You'd think you'd be able to tell the difference between a real news article written by a human and a made-up one written by an algorithm.

You'd think. 

OpenAI, a technology nonprofit that Elon Musk co-founded, found itself in an ethical conundrum. The research company aims to build artificial intelligence tools that can be used for good. Usually, OpenAI then shares its research and code widely for anyone to use (hence the word "open" in its name).

Technology that's so good, OpenAI won't release it

OpenAI has been experimenting with an A.I. text generator it built called GPT-2. But it's not sharing GPT-2 with the public as it has done with previous projects.

Because of fear of misuse, OpenAI is locking it down for further research. The public will not be allowed to access the code.

"Due to our concerns about malicious applications of the technology, we are not releasing the trained model," the company announced last week.

The artificial intelligence powers of GPT-2

GPT-2 "studies" a single line of text to learn the patterns of human language. It can then generate full paragraphs of text and mimic the writing style. It can even write full articles.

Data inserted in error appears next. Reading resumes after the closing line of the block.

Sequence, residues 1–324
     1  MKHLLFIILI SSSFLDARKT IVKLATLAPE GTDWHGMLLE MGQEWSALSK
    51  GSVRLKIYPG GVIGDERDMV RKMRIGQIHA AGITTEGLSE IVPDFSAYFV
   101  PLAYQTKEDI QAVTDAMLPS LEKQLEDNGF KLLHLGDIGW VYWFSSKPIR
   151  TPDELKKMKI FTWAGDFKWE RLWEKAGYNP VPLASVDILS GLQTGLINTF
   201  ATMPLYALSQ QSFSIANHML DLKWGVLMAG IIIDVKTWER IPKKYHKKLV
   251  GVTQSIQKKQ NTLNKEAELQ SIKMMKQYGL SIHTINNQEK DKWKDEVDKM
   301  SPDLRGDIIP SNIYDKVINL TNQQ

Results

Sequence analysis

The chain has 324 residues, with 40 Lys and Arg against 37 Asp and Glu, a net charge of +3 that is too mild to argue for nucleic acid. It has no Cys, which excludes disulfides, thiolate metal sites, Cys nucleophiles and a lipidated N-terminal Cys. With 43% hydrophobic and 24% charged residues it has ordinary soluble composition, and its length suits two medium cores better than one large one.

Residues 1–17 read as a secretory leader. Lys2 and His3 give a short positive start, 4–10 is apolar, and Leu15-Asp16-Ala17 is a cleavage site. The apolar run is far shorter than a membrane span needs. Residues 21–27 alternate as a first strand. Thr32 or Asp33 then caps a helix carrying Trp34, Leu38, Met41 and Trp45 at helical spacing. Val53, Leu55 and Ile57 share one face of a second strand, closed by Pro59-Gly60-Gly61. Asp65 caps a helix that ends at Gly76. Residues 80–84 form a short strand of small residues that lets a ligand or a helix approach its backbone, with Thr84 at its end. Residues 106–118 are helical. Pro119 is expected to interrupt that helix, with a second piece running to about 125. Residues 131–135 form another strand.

OpenAI quickly discovered a big problem with GPT-2. The algorithm-generated texts were good. So good that you couldn't tell a robot wrote them. It began to generate paragraphs of text that were eerily too human.

Fake news that looks (and reads) shockingly too real

The Guardian's Alex Hern fed GPT-2 a few sentences about Brexit. It spit out a full-length artificial article that even generated fake quotes using real names.

Hern points out that other text generators have obvious "tells" that signal their texts were not written by humans. GPT-2 shares none of those quirks. "When used to simply generate new text, GPT2 is capable of writing plausible passages that match what it is given in both style and subject."

The fake news implications are obvious. This is the main reason OpenAI decided not to release the code. It fears it's too dangerous.

Malicious users could outsource writing any misinformation under the sun to GPT-2. All they'd need is a sample line of text to get started to generate a plausible-sounding article, complete with sources and quotations that sound legit. And it's easy to make any website "look" official online, given the democratization of web design. 

Elon Musk wants you to know he's not to blame.

When OpenAI announced it wouldn't be releasing GPT2, Musk tweeted to clarify his relationship with the company.

Even though he was one of its co-founders, Musk said he parted ways with with the non-profit last year. Musk said he needed to focus on Tesla and SpaceX projects, didn't agree with everything OpenAI wanted to do, and the two organizations were competing for talent.